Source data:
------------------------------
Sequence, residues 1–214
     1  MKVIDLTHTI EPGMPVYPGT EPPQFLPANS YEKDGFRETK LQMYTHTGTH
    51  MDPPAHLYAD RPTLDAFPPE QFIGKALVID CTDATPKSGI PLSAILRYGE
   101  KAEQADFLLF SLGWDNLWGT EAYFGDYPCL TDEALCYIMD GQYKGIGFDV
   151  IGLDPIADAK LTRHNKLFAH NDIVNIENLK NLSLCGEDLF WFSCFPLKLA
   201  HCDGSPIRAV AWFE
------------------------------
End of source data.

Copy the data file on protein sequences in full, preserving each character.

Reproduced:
Sequence, residues 1–214
     1  MKVIDLTHTI EPGMPVYPGT EPPQFLPANS YEKDGFRETK LQMYTHTGTH
    51  MDPPAHLYAD RPTLDAFPPE QFIGKALVID CTDATPKSGI PLSAILRYGE
   101  KAEQADFLLF SLGWDNLWGT EAYFGDYPCL TDEALCYIMD GQYKGIGFDV
   151  IGLDPIADAK LTRHNKLFAH NDIVNIENLK NLSLCGEDLF WFSCFPLKLA
   201  HCDGSPIRAV AWFE